Socioeconomic inequity in health care : A study of services utilization in Curaçao.
The aim of this study is to examine whether there is socioeconomic equity in health care utilization in Curaçao, Netherlands Antilles.
We explore how educational level is related to utilization of GPs, specialists, hospitals, dentists and physiotherapists, taking into account the effects of sex, age and inequalities in health.
The study also examines whether these relationships vary according to the unit of analysis : probability (or incidence) of services use versus overall volume of contacts.
The data were derived from the Curaçao Health Study, a health interview survey among a random sample (N=2248) of the non-institutionalized population aged 18 and over.
The results indicate that there is socioeconomic inequity in the probability of health care utilization in Curaçao.
People with a higher educational level are more likely to consult a specialist, dentist or physiotherapist, and are also more likely to be hospitalized.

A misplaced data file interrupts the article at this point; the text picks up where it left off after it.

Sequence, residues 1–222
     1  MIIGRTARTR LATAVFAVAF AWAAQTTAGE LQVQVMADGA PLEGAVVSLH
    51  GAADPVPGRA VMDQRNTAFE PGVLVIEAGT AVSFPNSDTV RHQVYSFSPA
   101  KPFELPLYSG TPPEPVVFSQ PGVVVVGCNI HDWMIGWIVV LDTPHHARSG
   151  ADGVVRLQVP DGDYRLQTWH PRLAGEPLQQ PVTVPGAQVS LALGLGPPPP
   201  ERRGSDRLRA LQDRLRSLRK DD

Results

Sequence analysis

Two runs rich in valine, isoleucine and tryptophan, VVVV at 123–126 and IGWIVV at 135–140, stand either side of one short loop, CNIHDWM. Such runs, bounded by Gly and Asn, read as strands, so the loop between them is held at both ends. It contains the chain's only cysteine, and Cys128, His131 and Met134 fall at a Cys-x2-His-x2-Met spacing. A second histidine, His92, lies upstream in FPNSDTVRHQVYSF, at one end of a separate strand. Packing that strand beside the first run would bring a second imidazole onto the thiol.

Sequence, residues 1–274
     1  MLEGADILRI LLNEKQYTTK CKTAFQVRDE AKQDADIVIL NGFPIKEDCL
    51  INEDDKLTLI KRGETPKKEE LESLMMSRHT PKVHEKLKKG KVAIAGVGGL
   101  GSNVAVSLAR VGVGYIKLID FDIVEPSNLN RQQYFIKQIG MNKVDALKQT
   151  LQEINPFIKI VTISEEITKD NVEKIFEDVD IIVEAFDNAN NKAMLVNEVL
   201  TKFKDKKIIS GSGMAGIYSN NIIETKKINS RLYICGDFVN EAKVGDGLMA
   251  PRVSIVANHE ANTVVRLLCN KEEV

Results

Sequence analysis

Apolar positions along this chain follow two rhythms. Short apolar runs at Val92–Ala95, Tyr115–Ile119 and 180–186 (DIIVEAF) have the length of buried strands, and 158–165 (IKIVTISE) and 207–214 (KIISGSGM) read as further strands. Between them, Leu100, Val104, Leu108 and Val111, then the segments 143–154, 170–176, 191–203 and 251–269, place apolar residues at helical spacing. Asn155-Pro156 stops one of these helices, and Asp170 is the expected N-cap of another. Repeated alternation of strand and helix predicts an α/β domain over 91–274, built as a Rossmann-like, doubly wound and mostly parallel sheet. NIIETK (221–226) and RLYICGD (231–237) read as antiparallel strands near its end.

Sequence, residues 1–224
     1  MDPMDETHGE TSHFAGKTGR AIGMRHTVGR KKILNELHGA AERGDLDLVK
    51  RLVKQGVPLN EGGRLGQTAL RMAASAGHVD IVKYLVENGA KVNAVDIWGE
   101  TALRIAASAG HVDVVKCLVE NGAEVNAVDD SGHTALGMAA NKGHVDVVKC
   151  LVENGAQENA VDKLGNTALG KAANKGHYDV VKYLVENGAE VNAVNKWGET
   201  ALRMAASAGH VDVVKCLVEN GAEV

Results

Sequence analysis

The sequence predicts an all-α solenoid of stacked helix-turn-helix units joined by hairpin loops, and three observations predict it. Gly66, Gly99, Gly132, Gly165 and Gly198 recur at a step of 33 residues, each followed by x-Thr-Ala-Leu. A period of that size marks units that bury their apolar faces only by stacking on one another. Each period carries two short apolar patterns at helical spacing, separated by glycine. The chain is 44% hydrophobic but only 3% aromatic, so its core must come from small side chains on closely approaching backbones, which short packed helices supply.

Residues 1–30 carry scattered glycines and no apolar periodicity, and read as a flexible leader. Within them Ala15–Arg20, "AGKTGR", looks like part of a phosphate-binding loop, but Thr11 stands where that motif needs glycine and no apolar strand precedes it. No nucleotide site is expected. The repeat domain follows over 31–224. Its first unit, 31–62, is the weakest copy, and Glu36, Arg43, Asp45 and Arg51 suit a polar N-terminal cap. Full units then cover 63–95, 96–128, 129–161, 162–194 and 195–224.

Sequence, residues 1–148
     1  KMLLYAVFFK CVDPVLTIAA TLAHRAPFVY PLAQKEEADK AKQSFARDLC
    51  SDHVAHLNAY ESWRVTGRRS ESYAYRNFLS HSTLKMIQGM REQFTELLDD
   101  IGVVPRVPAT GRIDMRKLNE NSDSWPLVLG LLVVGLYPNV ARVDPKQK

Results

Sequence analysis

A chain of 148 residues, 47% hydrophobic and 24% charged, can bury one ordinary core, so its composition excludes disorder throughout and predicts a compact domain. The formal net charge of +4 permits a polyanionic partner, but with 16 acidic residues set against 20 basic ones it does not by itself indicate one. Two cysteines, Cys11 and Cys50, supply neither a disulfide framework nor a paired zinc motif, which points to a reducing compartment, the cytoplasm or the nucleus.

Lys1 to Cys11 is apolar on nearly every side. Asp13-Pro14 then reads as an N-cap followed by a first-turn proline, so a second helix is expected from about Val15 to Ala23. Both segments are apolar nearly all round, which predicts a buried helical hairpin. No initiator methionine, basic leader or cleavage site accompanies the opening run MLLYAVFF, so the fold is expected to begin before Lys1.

This is not only the case when the mediating effects of socioeconomic inequalities in health (need) are taken into account, but also before adjustment for health inequalities.
In other words : there appears to be both vertical inequity (i.e. greater needs for services are not met by greater use) and horizontal inequity (i.e. similar needs for care are not met by similar levels of services use).
The observed inequalities in use of specialists and hospitals contrast with findings from international research. (...)
Mots-clés Pascal : Inégalité, Statut socioéconomique, Epidémiologie, Utilisation, Service santé, Santé, Homme, Niveau étude, Age, Sexe, Petites Antilles Néerlandaises, Antilles, Amérique Centrale, Amérique
Mots-clés Pascal anglais : Inequality, Socioeconomic status, Epidemiology, Use, Health service, Health, Human, Education level, Age, Sex, Netherlands Antilles, West Indies, Central America, America
Notice produite par :
Inist-CNRS - Institut de l'Information Scientifique et Technique
Cote : 97-0364004
Code Inist : 002B30A01A2. Création : 12/09/1997.